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Waste not, want not
Water shortages are likely to be the key environmental challenge of this century, scientists from NASA have warned.
The study, the first of its kind, used images from the NASA Grace satellite mission to track trends in freshwater from 2002 to 2016. The study is a warning that we need to become better at conserving water.
Here are four examples, although there are many more, of new tech trying to help us do just that.
The water pebble
The Water Pebble is a little gadget that sits in the bottom of your shower, measuring and storing how much water you’re using. The pebble doesn’t just collect data, however. Based on the length of your first shower, the device gradually reduces your time spent under the water using a traffic light system - it flashes green when you’ve not used much water, amber when you’ve nearly used your allowance and red when it's time to get out. It is hoped that by making people conscious of their usage, the amount of water used per shower will decrease.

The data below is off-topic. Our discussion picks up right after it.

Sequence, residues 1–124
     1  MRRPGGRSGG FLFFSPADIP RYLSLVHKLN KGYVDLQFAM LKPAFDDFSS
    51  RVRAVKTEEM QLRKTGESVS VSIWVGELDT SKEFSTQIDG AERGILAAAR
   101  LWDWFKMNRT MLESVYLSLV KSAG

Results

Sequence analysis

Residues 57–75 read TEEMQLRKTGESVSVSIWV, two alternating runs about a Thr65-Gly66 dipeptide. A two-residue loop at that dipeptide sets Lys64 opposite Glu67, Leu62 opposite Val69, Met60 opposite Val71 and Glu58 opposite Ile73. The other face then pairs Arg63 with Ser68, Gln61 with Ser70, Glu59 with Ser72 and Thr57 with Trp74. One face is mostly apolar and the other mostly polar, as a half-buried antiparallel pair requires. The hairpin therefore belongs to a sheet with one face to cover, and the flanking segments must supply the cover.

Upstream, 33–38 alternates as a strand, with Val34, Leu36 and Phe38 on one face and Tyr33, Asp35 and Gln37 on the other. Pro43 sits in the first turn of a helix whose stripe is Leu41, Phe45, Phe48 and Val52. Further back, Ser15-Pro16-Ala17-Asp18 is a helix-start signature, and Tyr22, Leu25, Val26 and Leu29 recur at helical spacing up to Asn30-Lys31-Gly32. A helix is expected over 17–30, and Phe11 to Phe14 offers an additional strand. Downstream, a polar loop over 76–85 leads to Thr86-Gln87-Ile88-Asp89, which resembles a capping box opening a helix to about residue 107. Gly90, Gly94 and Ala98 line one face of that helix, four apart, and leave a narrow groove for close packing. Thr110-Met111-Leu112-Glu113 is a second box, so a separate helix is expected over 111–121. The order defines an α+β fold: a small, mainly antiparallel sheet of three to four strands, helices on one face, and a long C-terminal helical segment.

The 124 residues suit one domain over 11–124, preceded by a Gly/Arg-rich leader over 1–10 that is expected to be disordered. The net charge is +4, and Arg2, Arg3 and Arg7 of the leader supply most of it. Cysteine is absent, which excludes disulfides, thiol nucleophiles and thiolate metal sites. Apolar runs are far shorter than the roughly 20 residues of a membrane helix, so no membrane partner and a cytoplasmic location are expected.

The village of Oliena, Sardinia, had an ageing water network with water leakage levels of more than 50%. The water supply in the village was becoming intermittent and the source – a beautiful natural spring – was threatening to dry out.
Hitachi managed to provide the solution. After completing an audit of the entire system, Hitachi set about reducing the leaks. Rather than solve leaks one at a time, the solution was to uncover the root causes and prevent new leaks from springing up. This was done in three ways. Digital technologies to survey the system, a “step test” to determine the volume of water being lost and electro-acoustic equipment (geophone, correlator, multi-correlator, noise logger) to seek out the holes.
The project reduced water loss by more than 50% and the Hitachi solution has since been rolled out across more than 30 towns and cities on the Italian island, with many more in the pipeline.